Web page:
The Kobe Assist: How LeBron’s Misses Might Be The Cavs’ Best Shot

By William Ezekowitz

Anyone who has watched the Finals for even a couple minutes knows that LeBron James is shooting a lot. His 41% usage rate is the stuff of NBA Finals legends. He’s even missed more shots (79) than anyone else in the series has taken, besides Steph Curry, who has taken 80, according to Basketball Reference. Surely, this is bad. According to conventional wisdom, LeBron needs to either be more efficient, or shoot less (or a combination of both) in order for the Cavs to win two more games. But while all these missed shots are not good for the Cavs, they might not be as bad as you think.

Kirk Goldsberry first coined the term Kobe Assist in 2012 to describe the phenomenon of when a player’s shot immediately turns into a putback, with the thinking being that if the shooter draws a crowd from the defense, there will be more space for other players on offense to get the rebound and put it back in. Unsurprisingly, in 2012 this was something Kobe Bryant excelled at. For the Cavs and Lebron, the Kobe Assist might just be a savior.

According to box score data, of LeBron’s 79 misses, the Cavs have gotten the offensive rebound 34 times, for an offensive rebounding rate of 43%. This is absurd. The NBA average this year was around 25% per, and, even though LeBron has taken a third of the Cavs’ shots, the Cavs’ offensive rebounding rate for the Finals is still only 26.2%. Furthermore, according to Goldsberry’s article, the Lakers only got the rebound on 34% of Kobe’s misses.

When LeBron has shot this series, the ball has gone in the basket 39% of the time and missed 61% of the time. But, accounting for the 43% offensive rebounding rate, 26% of the time LeBron shoots, the Cavs get an offensive rebound. A lot has been made this series of the Cavs playing a slower brand of isolation basketball and frustrating the Warriors’ attempts to get out on the break. When those two numbers are added together, we find that only 35% of LeBron’s shots end in a Warriors defensive rebound, making a LeBron isolation an incredibly useful tool in slowing the Warriors down.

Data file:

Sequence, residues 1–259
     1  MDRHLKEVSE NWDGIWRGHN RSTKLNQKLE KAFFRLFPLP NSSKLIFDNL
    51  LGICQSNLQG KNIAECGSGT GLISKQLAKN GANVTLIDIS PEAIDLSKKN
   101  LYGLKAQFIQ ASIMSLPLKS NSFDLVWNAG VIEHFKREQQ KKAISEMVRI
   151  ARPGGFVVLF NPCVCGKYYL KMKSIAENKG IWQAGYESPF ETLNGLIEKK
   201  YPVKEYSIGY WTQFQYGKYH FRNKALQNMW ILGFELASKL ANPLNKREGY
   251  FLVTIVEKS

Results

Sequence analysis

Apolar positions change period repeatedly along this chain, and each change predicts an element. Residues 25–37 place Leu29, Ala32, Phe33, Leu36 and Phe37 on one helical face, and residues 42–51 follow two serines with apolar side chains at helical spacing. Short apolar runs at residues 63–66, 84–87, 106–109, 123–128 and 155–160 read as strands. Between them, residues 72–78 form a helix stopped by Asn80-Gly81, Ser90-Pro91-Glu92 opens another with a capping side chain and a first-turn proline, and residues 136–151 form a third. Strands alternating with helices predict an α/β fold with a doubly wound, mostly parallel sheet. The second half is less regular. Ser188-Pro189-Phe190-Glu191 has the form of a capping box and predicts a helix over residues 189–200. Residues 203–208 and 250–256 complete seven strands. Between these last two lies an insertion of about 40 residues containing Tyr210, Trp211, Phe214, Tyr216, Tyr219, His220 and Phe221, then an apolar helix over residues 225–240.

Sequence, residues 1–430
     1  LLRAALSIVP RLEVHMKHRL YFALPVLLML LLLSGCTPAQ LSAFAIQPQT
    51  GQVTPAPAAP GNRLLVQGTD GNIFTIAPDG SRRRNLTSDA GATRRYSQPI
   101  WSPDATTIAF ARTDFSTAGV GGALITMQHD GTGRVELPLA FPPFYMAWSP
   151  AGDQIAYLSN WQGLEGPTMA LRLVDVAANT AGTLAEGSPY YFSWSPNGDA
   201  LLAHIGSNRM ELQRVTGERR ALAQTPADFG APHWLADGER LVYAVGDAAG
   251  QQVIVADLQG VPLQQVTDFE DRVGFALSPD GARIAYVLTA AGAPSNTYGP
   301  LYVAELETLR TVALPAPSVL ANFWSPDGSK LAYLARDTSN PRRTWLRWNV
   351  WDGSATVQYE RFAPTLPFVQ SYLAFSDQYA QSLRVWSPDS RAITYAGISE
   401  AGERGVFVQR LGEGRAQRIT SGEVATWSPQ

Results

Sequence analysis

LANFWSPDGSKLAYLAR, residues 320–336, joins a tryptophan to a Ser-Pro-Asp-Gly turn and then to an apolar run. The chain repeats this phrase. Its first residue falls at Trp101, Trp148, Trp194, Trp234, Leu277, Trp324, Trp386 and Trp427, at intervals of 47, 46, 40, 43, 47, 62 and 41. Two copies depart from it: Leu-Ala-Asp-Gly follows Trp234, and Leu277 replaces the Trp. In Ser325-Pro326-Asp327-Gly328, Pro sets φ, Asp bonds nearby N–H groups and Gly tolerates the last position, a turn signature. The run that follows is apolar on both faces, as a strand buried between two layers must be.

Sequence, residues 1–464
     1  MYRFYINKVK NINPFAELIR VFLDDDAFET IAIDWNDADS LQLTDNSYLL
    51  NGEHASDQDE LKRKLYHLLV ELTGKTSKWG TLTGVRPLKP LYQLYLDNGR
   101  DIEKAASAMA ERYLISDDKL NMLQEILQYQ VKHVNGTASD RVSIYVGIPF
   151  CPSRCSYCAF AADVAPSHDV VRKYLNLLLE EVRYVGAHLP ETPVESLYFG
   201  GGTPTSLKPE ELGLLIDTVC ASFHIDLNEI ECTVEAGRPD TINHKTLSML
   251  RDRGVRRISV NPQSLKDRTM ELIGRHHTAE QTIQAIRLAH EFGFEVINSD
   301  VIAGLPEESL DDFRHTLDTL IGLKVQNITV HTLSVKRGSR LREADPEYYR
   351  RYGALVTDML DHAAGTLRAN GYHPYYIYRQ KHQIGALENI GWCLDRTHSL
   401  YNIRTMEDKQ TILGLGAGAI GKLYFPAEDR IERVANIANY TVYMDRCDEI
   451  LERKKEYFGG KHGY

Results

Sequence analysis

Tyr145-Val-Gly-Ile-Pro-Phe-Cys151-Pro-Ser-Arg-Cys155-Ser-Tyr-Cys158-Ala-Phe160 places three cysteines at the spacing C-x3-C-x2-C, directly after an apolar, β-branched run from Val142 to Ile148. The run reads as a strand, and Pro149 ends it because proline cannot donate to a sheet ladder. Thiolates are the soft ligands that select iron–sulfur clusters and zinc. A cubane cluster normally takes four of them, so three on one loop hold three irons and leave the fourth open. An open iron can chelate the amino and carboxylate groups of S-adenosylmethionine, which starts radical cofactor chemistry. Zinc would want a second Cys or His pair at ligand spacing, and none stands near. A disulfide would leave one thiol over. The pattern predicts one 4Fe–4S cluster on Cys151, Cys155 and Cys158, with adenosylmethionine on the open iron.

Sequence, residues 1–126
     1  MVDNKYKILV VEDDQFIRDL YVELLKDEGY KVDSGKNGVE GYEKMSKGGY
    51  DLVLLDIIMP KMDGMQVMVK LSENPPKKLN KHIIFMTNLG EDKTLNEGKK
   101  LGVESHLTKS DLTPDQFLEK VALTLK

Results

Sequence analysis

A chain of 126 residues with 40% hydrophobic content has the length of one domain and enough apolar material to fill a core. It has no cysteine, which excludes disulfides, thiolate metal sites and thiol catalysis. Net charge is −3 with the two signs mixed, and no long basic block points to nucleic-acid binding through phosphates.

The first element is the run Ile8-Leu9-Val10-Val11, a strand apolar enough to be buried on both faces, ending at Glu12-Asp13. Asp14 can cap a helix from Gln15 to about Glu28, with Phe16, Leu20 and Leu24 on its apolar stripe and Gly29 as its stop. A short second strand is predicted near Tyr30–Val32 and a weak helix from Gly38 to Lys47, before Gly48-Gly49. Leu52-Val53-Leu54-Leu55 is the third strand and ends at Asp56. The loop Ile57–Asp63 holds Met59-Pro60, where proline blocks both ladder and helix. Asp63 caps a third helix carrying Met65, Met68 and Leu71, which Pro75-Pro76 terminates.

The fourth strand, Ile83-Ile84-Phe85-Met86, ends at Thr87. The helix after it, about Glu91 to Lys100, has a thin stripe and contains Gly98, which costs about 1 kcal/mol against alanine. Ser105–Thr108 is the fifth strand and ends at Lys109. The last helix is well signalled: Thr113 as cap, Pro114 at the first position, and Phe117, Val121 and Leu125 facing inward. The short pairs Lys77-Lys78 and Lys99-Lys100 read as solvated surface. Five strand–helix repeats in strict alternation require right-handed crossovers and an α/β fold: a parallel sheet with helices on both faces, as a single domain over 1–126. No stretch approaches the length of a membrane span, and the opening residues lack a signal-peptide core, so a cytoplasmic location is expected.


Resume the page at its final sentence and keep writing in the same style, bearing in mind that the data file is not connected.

But the Cavs still have to do something when they gain possession on the offensive glass. They have immediately put the ball back in the basket for a conventional Kobe Assist 7 times this series, meaning 8.8% of LeBron’s misses are Kobe Assists. By comparison, 2012 Kobe earned a Kobe Assist on 15% of his misses, according to Goldsberry. We should, however take this comparison with a grain of salt. First, 7 is a very small number, and we don’t want to make broad claims off of such a small sample size; furthermore, the Warriors are committing 16% more fouls in the Finals than they did during the regular season, and you only get credit for Kobe Assist on a made basket, but there have been a couple instances of Mozgov or Thompson being fouled before they can complete a shot on the putback. So While LeBron’s Kobe Assist numbers are low, the Cavs are getting an inordinate amount of offensive rebounds from his shots, and anyone watching the game can see that good things happen for the Cavs when Thompson or Mozgov snare an offensive board.

As a closing note, it is very noteworthy that in Game 4, when the Warriors went small, the Cavs rebounded over 50% of LeBron’s misses and gave him 4 Kobe Assists. Obviously, many other things went wrong for the Cavs in Game 4, but crashing the boards on LeBron’s misses went very well. If the Warriors stay small, look for the Cavs’ series rebounding rate on LeBron’s misses to rise even further, and for his Kobe Assist numbers to go up too. So if you’re reading this, LeBron, keep shooting (and maybe throw HSAC a RT)! Or maybe even shoot more! It might be the only chance you have.

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